A fast-growing freight brokerage company is opening an office in downtown Chattanooga as the latest business to set up shop in the Scenic City in the growing transportation and logistics sector.
Tallgrass Freight Co. of Shawnee, Kansas, has leased space in the Lovemans building on Market Street where it plans to grow the office to about 20 people in a year, said David Barnes, the company's chief operating officer.
"We did a lot of research around the country looking for talent," he said.
Barnes said that Tallgrass, which landed in the Inc. 5000 list of fastest-growing companies in 2019, saw other businesses operating in the city such as data and content venture FreightWaves.
"If these guys are in Chattanooga, what else is going on there," he said. "We dug deeper and asked 'Why aren't we there?'"
The Chattanooga area has been dubbed "freight alley" because of the cluster of logistics and trucking companies, including a number of startups. Inc. magazine last year identified eight of the 13 fastest-growing small businesses in Chattanooga in the logistics field, including the freight brokerage firms of LYNC Logistics, Trident Transport and Steam Logistics.
Those companies are building locally on the foundation created by two of the nation's top 10 long-haul trucking firms — U.S. Xpress and Covenant Transport — and the country's biggest privately owned warehouse logistics company, Kenco.
Tallgrass, founded in late 2012, now has three brick-and-mortar offices with its suburban Kansas City flagship, Chattanooga and another in Scottsdale, Arizona, which opened last year.
While the coronavirus has roiled many businesses so far this year, Barnes said Tallgrass is expected to about double revenue to $80 million.
The company, with about 120 employees, is seeing more opportunity, he said.
"The silver lining is it has created an opportunity ... for us to be aggressive and expand and grow into [the new office]," said Barnes, who also is company co-owner along with Chief Executive Damon Anderson.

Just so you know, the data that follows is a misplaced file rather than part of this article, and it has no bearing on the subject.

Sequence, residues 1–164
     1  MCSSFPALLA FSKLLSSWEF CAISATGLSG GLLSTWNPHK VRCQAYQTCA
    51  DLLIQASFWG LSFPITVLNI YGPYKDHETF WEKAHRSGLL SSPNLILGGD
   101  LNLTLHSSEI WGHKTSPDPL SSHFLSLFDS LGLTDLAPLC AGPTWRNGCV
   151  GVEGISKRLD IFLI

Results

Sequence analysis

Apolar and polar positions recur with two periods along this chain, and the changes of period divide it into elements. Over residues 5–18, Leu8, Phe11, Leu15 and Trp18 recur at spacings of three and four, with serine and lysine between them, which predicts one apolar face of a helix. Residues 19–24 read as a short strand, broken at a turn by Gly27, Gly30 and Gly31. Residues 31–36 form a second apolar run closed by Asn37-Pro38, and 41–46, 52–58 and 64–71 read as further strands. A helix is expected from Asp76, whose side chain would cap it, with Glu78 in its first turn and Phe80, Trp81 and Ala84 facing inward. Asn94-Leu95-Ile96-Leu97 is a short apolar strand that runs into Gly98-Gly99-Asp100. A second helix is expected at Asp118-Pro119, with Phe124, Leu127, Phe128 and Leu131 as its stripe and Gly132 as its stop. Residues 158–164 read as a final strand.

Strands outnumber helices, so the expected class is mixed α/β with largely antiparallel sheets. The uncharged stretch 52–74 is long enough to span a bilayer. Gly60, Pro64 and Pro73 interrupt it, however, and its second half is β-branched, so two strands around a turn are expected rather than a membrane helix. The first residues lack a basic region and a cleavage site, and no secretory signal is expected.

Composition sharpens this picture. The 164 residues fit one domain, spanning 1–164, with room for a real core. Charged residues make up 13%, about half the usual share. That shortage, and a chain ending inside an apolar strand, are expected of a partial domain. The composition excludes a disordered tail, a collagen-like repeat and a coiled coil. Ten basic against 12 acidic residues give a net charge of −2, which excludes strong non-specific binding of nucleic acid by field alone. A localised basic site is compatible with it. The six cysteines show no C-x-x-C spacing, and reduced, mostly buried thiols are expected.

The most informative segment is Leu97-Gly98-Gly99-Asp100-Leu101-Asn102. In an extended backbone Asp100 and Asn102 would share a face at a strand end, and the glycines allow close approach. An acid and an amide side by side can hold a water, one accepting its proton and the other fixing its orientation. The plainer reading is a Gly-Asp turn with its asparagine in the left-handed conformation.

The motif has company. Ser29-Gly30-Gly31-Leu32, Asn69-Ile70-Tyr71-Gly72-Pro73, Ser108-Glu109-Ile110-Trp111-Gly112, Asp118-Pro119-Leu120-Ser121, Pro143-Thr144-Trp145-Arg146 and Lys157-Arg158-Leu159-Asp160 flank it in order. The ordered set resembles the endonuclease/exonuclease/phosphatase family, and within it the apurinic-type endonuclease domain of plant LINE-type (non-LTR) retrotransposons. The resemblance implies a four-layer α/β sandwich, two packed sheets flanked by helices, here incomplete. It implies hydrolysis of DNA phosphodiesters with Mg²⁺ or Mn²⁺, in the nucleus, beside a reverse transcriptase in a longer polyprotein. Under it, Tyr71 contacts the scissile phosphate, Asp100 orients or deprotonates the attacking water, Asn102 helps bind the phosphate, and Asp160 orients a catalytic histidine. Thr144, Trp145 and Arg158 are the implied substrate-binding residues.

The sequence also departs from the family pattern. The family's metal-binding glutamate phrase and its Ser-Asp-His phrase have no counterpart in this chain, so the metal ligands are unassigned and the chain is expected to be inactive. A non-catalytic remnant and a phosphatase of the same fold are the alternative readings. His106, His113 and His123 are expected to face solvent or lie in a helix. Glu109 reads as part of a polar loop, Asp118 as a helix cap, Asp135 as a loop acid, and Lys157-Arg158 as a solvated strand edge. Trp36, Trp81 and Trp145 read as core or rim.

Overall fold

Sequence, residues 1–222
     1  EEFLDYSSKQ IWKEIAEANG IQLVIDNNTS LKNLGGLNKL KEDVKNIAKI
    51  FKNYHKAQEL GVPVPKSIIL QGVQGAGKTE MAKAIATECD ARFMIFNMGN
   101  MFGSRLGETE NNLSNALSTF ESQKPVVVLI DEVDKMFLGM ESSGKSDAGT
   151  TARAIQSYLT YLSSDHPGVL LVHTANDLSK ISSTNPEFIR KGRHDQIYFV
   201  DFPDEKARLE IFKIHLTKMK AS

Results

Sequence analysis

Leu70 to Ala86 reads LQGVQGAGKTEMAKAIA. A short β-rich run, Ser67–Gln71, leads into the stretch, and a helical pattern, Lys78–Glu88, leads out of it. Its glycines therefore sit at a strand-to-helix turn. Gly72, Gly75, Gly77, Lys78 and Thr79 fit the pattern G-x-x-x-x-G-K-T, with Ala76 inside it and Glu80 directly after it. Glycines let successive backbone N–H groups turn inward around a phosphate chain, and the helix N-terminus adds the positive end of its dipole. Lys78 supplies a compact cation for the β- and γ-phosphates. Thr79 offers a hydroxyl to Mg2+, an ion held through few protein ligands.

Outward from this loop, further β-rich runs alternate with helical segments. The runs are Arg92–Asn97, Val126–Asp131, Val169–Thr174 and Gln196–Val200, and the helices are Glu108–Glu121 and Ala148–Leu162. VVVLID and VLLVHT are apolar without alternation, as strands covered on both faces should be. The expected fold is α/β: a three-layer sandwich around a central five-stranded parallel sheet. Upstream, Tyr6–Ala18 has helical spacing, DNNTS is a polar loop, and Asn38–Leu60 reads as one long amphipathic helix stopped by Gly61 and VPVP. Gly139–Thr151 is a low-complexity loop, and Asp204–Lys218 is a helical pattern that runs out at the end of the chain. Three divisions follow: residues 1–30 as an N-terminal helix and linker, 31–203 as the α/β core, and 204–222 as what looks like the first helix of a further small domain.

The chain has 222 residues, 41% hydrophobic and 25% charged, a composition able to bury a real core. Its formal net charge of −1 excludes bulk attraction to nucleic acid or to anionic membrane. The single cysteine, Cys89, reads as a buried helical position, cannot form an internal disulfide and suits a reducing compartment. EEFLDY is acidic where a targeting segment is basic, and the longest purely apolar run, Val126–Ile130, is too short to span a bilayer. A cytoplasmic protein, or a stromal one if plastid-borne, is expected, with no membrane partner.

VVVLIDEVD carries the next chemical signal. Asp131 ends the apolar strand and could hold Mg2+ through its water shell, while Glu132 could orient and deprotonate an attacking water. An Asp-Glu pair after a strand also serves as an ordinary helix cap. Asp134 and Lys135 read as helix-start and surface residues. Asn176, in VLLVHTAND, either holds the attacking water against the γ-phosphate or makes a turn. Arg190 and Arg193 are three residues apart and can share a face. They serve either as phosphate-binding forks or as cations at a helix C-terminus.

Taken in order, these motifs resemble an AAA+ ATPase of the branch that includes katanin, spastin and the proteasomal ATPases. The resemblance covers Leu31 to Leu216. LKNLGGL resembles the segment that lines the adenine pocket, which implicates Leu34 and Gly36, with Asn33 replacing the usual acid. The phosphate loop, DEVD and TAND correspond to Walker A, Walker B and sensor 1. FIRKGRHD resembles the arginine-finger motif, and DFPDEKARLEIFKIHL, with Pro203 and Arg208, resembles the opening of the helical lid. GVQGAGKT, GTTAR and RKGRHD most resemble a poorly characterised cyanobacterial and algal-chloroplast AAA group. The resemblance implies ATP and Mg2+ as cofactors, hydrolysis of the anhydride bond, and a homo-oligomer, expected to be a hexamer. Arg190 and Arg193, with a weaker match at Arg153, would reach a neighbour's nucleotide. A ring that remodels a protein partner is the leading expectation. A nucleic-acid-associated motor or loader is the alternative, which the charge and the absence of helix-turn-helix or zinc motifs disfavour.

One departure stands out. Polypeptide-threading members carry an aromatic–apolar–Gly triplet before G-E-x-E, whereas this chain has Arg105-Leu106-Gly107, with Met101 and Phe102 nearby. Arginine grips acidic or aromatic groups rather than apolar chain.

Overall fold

One key for Tallgrass is its culture, he said.
"The hardest part of running a business is maintaining a family atmosphere," Barnes said. "That has helped us in the growth."
Despite the recent growth on freight brokers and other logistics companies in Chattanooga, the trucking and logistics isn't immune from the impact of the pandemic.
In April, Arrive Logistics cut about 10% of its workforce nationally, including some Chattanooga employees. Also, Arrive's proposed expansion in the city, one of the biggest announced in 2019, hasn't happened yet and appears to face an unclear timeline. The company last year unveiled plans to create 500 new jobs along with a $3.6 million investment in the city.
Arrive CEO Matt Pyatt said last month that the Austin, Texas-based company's Chattanooga office has about 50 employees and remains a priority. He said that Arrive plans to "continue to grow that office although our timeline for expansion has evolved due to the impact of COVID-19."
Other logistics-oriented companies had started paring staff even before the coronavirus outbreak, including FreightWaves.
Also, Coyote Logistics, the freight brokerage firm with major operations in Chattanooga that UPS bought, shifted 25 carrier sales jobs to its Atlanta headquarters "to improve efficiency and customer service."
Contact Mike Pare at firstname.lastname@example.org. Follow him on Twitter @MikePareTFP.